An analysis by the Marshall Project and the Los Angeles Times found that California’s crime rates remain near historic lows, but overall crime spiked in 2012 and 2015, the years that followed two major statewide measures aimed at decreasing the number of prisoners. The jumps were driven by increases in property crimes, particularly thefts from motor vehicles.
Delaware's revenue outlook is shaping up to be fairly rosy for a second straight year. And that could foreshadow an impending clash between the General Assembly and Democratic Gov. John Carney.
Different narratives concerning Alabama's Civil War and Reconstruction history clashed throughout 2018. The tension fueled debates over the public placement of the state's Confederate symbols, but it also started a discussion about how to add context to the painful parts of the past.
New York's congressional delegation is likely to shrink in four years. The state is poised to go from 27 members in the House to 25, based on an analysis by Election Data Services of the U.S. Census Bureau's updated population estimates for July 2018. The delegation has shrunk every decade since 1953, when it was 45 members.
Oklahoma's largest teachers union is seeking $400 million in new annual spending for educator salaries and classroom funding. The state Board of Equalization certified an estimated $612 million in new education funding for the upcoming budget year. The teachers want a pay raise, cost-of-living adjustment and new classroom funding.
Kansas must fix a troubled, underfunded child welfare system now or more vulnerable children across the state will suffer. That’s the message from members of a coalition that released a report detailing woes inside the state’s child welfare system — from racial disparities in the children being removed from their homes to kids lingering in state custody too long.
Despite longtime public opposition to the Affordable Care Act, Republican Gov. Phil Bryant has quietly been working in recent months to bring one of the law’s central tenets, Medicaid expansion, to Mississippi.
Democratic Gov. John Bel Edwards says he disagrees with the Louisiana ethics board’s decision against allowing campaign funds to pay for a candidate’s child care. He hopes the Board of Ethics will reconsider its opinion. He says child care is a “reasonable expense” associated with running for office.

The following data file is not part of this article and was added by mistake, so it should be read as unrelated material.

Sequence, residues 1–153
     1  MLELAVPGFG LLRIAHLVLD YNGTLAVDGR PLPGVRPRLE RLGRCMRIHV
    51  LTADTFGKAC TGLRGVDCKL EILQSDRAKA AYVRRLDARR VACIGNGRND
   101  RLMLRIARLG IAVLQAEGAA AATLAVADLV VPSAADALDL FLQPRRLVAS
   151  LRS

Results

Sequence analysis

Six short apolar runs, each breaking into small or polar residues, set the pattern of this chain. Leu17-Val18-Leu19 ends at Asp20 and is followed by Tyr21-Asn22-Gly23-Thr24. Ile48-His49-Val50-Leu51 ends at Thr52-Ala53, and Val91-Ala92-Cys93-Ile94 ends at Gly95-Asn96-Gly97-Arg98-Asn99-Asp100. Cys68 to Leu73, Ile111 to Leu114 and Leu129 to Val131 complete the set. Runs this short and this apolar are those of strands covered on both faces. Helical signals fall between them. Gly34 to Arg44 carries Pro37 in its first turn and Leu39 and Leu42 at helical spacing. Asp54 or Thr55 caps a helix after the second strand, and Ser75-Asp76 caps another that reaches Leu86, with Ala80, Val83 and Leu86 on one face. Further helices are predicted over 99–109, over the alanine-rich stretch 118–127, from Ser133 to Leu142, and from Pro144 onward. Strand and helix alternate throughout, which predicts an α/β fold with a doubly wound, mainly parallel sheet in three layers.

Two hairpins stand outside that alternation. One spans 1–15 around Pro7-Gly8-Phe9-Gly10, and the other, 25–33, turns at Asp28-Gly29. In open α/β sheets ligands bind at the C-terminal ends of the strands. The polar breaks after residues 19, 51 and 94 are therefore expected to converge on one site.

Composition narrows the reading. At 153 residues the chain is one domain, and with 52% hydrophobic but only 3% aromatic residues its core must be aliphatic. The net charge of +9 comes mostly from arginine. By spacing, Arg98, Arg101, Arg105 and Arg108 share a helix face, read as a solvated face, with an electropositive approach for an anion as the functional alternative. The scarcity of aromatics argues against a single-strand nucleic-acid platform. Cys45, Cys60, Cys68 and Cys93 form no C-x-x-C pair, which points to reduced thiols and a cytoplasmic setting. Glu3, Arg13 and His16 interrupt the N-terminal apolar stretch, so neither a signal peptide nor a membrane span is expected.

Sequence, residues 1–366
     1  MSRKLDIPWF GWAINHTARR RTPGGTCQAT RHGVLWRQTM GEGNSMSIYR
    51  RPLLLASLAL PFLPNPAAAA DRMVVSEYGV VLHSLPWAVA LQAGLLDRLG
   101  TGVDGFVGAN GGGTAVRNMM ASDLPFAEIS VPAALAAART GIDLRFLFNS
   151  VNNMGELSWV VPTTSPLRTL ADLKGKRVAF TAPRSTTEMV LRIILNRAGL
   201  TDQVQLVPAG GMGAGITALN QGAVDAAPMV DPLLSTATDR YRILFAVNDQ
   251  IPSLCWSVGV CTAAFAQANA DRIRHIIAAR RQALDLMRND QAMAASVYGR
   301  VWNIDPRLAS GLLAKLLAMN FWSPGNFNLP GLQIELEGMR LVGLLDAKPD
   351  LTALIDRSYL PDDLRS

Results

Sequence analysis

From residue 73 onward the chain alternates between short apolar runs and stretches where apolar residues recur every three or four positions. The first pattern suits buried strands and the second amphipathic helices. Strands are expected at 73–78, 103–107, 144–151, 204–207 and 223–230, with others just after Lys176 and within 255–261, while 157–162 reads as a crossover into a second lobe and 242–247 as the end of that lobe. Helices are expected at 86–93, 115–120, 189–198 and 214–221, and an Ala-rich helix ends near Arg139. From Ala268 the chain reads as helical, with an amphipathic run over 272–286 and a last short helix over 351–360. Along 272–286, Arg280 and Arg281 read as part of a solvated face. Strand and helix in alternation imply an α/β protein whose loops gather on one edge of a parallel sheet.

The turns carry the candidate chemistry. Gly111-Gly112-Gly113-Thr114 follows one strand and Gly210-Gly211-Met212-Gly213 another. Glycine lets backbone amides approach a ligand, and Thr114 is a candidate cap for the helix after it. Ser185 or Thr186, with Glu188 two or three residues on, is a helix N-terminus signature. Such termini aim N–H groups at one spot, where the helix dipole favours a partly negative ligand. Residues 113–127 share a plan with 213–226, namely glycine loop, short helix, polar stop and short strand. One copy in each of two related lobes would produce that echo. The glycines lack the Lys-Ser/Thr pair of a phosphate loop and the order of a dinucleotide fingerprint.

Republican Gov. Larry Hogan selected members of a nonpartisan commission created to redraw Maryland’s 6th Congressional District, a move that complies with a federal court order invalidating the current boundaries — which is being appealed by Democratic Attorney General Brian Frosh.
The Trump administration took a step to allow drilling in Alaska’s Arctic National Wildlife Refuge, releasing an environmental report that sets the stage for a lease sale next year and development in the 1.6 million acre coastal plain.
Pennsylvania needs a new investment office with better strategies to replace the underperforming offices that manage state and public school pension plans, a commission told lawmakers. The retirement systems have a combined deficit of $75 billion.
The number of Iowans signing up for private health insurance under the Affordable Care Act, or “Obamacare,” slipped this fall, but not as much as the program's fans feared. Federal officials reported that 49,376 Iowans enrolled in private insurance plans for 2019. The preliminary numbers were down about 7 percent from 2018.
A federal judge this week denied a request by Nebraska officials to dismiss a lawsuit filed by Winnebago tribal entities challenging the state's attempts to regulate tribal tobacco sales.
With Ohio consistently near last in the nation in state funding for child protective services, the number of children entering foster care has exploded — another financial and human cost of the opioid epidemic, according to a new report.